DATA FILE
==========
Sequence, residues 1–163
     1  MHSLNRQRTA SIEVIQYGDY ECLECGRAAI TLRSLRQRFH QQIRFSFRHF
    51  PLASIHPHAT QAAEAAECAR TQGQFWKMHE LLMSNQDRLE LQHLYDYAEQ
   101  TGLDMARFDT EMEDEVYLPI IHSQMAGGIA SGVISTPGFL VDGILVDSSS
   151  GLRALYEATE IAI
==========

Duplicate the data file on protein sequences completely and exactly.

Sequence, residues 1–163
     1  MHSLNRQRTA SIEVIQYGDY ECLECGRAAI TLRSLRQRFH QQIRFSFRHF
    51  PLASIHPHAT QAAEAAECAR TQGQFWKMHE LLMSNQDRLE LQHLYDYAEQ
   101  TGLDMARFDT EMEDEVYLPI IHSQMAGGIA SGVISTPGFL VDGILVDSSS
   151  GLRALYEATE IAI